Saturday, June 9, 2012

We are to / we are not to

l’ve been living in the US for a few months and I’ve had opportunity to read some articles and books more easily. But I’ve had doubts about some constructions. I wonder how it is that to is used in these sentences:

PM to meet Espada today
Spanish mob gathers at border – UN to mediate

Also, do the words mob and crowd have the same meaning and usage?
he is to / they are to

We use this structure quite a lot to talk about official plans and arrangements. In your examples, Enrique, the verb be is omitted which is very characteristic of newspaper headlines. In any text follow the headline it would need to be included, e.g.
The British Prime Minister, the French President and the German Chancellor are to meet in Berlin this weekend.

Note that we can also use this structure as a perfect infinitive to describe a planned event that did not take place:

The British PM was to have had talks with his Canadian counterpart on his way to the US, but these were cancelled when the trip was curtailed. I was to have gone on holiday with Ruth, but she couldn’t get time off work.

In a more informal register, was supposed to has a similar meaning:
I was supposed to go on holiday with Ruth, but she couldn’t get time off work.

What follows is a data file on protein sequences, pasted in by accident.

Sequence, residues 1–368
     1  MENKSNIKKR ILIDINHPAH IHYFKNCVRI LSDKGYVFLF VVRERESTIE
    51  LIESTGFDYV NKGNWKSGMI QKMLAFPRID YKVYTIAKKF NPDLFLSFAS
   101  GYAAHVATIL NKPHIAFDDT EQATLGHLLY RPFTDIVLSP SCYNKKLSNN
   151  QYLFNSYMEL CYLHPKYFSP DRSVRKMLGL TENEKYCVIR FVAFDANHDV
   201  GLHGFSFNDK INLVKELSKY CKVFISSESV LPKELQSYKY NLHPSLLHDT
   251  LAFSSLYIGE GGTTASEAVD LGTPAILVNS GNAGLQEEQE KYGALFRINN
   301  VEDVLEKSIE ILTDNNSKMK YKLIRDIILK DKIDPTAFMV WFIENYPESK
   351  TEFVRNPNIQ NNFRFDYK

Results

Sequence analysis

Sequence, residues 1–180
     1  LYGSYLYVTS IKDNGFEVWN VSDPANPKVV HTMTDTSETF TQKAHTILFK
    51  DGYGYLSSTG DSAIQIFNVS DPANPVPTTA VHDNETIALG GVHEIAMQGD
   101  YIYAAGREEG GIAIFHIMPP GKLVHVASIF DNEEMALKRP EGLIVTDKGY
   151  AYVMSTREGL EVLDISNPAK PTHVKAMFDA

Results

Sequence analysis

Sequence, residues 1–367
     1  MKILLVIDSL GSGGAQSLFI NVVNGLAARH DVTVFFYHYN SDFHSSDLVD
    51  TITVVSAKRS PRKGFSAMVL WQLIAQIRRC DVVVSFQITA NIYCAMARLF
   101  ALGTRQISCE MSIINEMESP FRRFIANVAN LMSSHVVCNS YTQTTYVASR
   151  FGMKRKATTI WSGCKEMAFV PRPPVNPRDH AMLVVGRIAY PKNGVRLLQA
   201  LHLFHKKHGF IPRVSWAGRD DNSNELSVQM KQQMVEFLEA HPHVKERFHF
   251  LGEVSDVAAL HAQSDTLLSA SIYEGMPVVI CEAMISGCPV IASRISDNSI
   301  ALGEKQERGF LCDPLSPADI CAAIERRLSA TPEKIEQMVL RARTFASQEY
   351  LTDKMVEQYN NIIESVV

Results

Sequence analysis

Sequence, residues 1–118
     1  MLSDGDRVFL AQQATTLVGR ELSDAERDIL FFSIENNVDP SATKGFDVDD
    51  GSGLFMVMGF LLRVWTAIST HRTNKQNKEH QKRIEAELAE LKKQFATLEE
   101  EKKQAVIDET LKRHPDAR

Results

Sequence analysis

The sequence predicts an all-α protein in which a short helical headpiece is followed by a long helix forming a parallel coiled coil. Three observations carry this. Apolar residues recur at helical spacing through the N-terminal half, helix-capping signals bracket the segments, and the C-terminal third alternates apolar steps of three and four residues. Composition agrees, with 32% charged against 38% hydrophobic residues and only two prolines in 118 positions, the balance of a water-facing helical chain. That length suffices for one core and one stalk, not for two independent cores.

you are not to – I am to

Note that this structure can also be used to issue or to acknowledge instructions or orders. When it is used in negative sentences, it nearly always has this meaning, but it can be used in affirmative sentences with this meaning too
We are to smoke only in the designated areas. We are not to smoke anywhere else.
We are to look after our neighbours’ dog while they are away but we’re not to feed him any chocolate. Else he will be sick.
There is future meaning here, but it also means at any time, particularly in negative sentences. As we are acknowledging an instruction, we could also use we mustn’t in these sentences instead of we’re not to.
Here are some more examples of this usage. Look at these instructions to members of a youth club in an inner-city area:
1 Respect yourself and other members.
2 No scrapping or fighting and no weapons.
3 No bullying, cussing or dissing.
4 No setting off fire alarms unless there is fire.
5 No climbing on the roof.
6 Entrance through front door only, not back door.

We can re-phrase these instructions, using are to / are not to. We can also use be permitted to or be allowed to as an alternative to mustn’t as the obligation is imposed externally. (I have also tried to paraphrase youth-culture vocabulary in this re-wording):
1 You are to respect yourself and other members at all times.
2 There is to be no scrapping or fighting and no weapons of any kind are permitted.
3 You mustn’t bully anyone and you are not allowed to swear at anyone or insult other members.
4 Fire alarms are not to be set off unless there is fire.
5 Climbing on the roof is not permitted.
6 You are to enter the youth club only through the front door, not through the back entrance.

mob / crowd

A mob is a large crowd of people that is difficult to control. It often collocates with the adjectives angry or unruly. (Unruly = undisciplined):
An unruly mob surrounded the parliament building.
Crowd is more neutral and simply describes a large gathering of people.
Crowds can be peaceful or angry:
He is a brilliant orator and attracted a crowd of 5000 to Speaker’s Corner in Hyde Park.
An angry crowd had gathered outside the police station.

No comments:

Post a Comment